A visit to Asakusa and Imado Shrine – The Land of Maneki Neko

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Twin beckoning cats welcome visitors to Imado Shrine in Asakusa, Tokyo

Asakusa is one of the main attractions in Tokyo, for both Japanese and foreign tourists. Getting there is easy. The Asakusa subway line and the Ginza subway line both stop there.

Asakusa is the the area that surrounds Senso-ji, a large temple complex with ancient roots. The area was also closely related to the bright lights of the entertainment world up until the post-war period. The lights were dimmed when the U.S. occupation forces imposed stricter prostitution laws and the more x-rated establishments had to close their doors. Never-the-less, today there is still plenty to see and do.

Once you pass through the famous temple primary gate, called Kaminarimon, you will find a long row of small souvenir shops called Nakamise (literally means, “inside shops”). They sell all the popular souvenirs, and some rather obscure ones too. As you walk through the shops you will see a lot of maneki neko because Asakusa is the perfect environment for the maneki neko, as it has been a gathering place for buyers and sellers for hundreds of years. Merchant culture here stretches way back to the beginning of the Edo period. In fact, if you take a little walk away from Senso-ji, you will find a shrine called Imado Shrine (jinja), Maneki Neko first story was from this shrine.

Walk back to the primary gate, Kaminarimon, turn left and walk along a wide avenue. Within 10 minutes you will see a main intersection, just before the road continues and crosses the Sumida river, it is Tokyo’s main water thoroughfare. Cross the intersection, turn left and you will enter the cool and shady Sumida Park, which runs along the river. Continue walking through the park for about 15-20 minutes. It might take you longer, however, as you will probably be tempted to stop and stare at the impressive sight of Tokyo’s latest modern attraction on the other side of the river, Tokyo Sky Tree, currently the world’s tallest tower.

In the end of the park, continue walking along Edo Avenue, and in about 5-10 minutes you will come to a spot where another road splits off to the left from Edo Avenue. At this point, it’s best to stop somebody and ask them where Imado Shrine is. It’s close, but a little difficult to explain clearly here. When you arrived, you’ll know right away that you have arrived in maneki neko territory. Go through the gate and you will see masses of round, wooden votive tablets (ema). These are the wishes of shrine visitors.


Imado shrine (note the boards hung with ema prayer plaques on either side of the path before the shrine)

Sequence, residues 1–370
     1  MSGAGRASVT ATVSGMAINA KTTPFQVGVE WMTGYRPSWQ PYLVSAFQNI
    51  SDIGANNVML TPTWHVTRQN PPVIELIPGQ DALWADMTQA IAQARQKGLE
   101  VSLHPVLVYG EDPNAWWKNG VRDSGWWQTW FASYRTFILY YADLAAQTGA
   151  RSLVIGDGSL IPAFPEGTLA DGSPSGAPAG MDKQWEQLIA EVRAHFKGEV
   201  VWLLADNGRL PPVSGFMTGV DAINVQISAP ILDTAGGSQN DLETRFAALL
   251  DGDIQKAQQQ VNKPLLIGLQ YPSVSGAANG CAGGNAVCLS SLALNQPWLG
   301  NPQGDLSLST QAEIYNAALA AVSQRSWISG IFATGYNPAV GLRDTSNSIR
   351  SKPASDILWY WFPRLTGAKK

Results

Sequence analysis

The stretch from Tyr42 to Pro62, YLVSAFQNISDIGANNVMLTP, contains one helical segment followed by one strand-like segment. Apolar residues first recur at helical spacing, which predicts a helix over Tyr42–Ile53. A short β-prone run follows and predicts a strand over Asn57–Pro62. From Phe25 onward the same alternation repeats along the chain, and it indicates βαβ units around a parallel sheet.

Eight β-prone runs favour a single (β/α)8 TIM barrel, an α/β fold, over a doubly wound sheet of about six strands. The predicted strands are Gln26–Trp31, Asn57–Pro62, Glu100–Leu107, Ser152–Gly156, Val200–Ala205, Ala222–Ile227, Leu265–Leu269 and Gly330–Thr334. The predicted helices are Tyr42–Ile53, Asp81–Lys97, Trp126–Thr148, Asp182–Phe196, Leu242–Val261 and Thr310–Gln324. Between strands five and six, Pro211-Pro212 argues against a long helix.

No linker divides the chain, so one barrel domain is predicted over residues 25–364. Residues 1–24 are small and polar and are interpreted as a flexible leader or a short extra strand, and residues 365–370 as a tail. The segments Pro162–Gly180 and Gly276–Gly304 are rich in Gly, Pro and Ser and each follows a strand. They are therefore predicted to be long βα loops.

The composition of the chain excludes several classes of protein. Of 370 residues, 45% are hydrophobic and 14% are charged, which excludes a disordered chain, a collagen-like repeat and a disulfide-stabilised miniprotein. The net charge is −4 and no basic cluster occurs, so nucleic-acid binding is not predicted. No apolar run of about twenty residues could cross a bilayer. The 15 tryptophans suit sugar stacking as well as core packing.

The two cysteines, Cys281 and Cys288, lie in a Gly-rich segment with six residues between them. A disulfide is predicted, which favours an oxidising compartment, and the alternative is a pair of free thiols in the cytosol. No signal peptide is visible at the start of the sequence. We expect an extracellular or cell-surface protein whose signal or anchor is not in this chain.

Imado shrine (note the boards hung with ema prayer plaques on either side of the path before the shrine) Imado Shrine is known for its matchmaking powers, so many messages are related to finding the right partner. As you approach the shrine, you will see two big granite maneki neko sitting at the base of the shrine stairs. At the top of the stairs, there are two very large maneki neko standing at the entrance to the shrine [see top photo]. A bit intimidating! Go back down the stairs and to the right is a small shrine sales office where you can buy the ema and also different kinds of charms, all showing the maneki neko image.


Maneki Nekos on display near the office at Imado Shrine


A scene from the video played at Imado Shrine


Maneki Neko is on display from the video played at Imado Shrine, next to the office there is another small building containing an extremely colorful collection of maneki neko dolls, creating their own sacred space. There is also a small TV which plays a video of the maneki neko dance, performed by some shrine maidens and a TV personality, whose name I forget. It’s bizarre and hilarious and, of course, very cute. All in all, it’s a true hot-spot for maneki neko. But why?

Imado Shrine is in an area called Imado, and for a long time ago, many potters lived there, and they produced a kind of pottery that came to be known as Imado ware. Some of the earliest maneki neko were made here, so this is, in a way, the birthplace of maneki neko. Some very sharp and smart merchant from Asakusa back in the Edo period heard one of the legends of the maneki neko, then going to nearby Imado and convince a potter to make some figures of a cat with an upraised paw to sell in his shop. That small action has spread the popularity of Maneki Neko around the world. Watering can lucky cats, some of the unique maneki nekos for sale in Asakusa.


Watering can lucky cats, some of the unique maneki nekos for sale in Asakusa

Unfortunately, there are no potters living in Imado anymore, but back at Senso-ji, in Nakamise, you will find a shop called Sukeroku. It is the second from the end on the right, close to Senso-ji temple, and if you don’t slow down you might just pass it by. The shop has been run for about 150 years, since the end of the Edo period, and they sell all sorts of small, handmade ceramic figures. In a space that allows no more than two customers at a time, you can see hundreds of these tiny figures lining the shelves. There are many variations of the maneki neko. Spend some time in the shop and you will step back in time to the days when all of Edo’s citizens came to Asakusa to pray and play, and of course, buy a maneki neko to take back to their homes.


By Jean-Pierre Antonio, Suzuka International University, Japan


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